You see another example of this, even when it’s not prompted, in our story about Planned Parenthood building an $8 billion Abortionplex.

AP: …which really happened.
BT: Right. And we didn’t really build any layers around it, we just put the story out, but the community wants to play along. Also, people want to write for The Onion (that’s probably not going to happen; it’s a very small team), but they can help build out this world that was previously limited to our writers’ individual creativity and minds. So someone on Yelp created an Abortionplex “venue” in Topeka, Kan., where the story said it existed, and they took details from the story and added it, and then the world just ran with it. There are, at this point, over 400 reviews of this thing we created. And it’s been inspiring. That’s a different level, when you don’t even prompt the collaboration with the audience—they just run with it, because they can. And it doesn’t require your permission, but it also doesn’t undermine your mission.
AP: I think a lot of news organizations would hear this interview and think: “Well, great, The Onion is very successful at engaging people, but they have the advantage of being hilarious and not having to talk about real news. The debt ceiling might not be so interesting, but it’s really important. So what are we supposed to do?” I just wonder if you have any kind of advice for real news organizations who are struggling a little bit.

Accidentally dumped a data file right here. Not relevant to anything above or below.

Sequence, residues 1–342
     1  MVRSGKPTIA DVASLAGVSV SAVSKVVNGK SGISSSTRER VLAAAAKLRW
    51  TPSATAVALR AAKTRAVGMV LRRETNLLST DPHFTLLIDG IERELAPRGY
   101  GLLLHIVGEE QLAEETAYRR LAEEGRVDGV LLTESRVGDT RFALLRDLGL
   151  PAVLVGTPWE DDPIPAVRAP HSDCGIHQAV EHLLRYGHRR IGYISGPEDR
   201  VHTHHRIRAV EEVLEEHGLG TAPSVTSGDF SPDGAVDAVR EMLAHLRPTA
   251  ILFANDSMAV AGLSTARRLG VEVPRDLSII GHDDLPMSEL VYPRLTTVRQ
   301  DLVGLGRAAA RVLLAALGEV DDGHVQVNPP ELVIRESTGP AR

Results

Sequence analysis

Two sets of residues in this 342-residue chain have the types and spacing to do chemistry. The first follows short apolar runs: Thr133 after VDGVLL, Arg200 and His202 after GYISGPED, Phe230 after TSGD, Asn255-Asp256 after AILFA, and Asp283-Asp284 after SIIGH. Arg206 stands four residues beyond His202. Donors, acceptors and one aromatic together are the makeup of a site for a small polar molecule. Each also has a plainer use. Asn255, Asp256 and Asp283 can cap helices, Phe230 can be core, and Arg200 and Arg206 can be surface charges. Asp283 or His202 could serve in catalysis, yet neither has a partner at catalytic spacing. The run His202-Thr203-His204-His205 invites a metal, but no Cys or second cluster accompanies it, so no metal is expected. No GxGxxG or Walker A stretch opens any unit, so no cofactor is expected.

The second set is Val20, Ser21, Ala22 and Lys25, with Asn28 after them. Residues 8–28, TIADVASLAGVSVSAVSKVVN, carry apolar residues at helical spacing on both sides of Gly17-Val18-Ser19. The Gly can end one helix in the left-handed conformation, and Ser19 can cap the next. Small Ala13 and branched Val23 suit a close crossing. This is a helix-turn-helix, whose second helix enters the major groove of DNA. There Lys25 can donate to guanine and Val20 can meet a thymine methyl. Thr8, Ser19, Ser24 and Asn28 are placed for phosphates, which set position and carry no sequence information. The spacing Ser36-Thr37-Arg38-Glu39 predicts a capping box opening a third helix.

BT: Think flexibly. Think loosely. I think there’s a lot of fear and conservatism — not political conservatism, but brand conservatism — around letting loose your team or your voice in this new environment. We’ve done journalism this way for a really long time, we’re really nervous about breaking it up. Not everybody thinks this way, but a lot do, and you can see it reflected. Sometimes you see the social media policy of Media Organization X, and it’s like the 20-point bullet list of “don’ts.” It doesn’t leave much room for what you can do. I don’t remember the organization, but one of them had a very fun post, like, “Our social media policy” — and it was just blank. That’s the kind of open-ended attitude that lends itself to finding value in this space.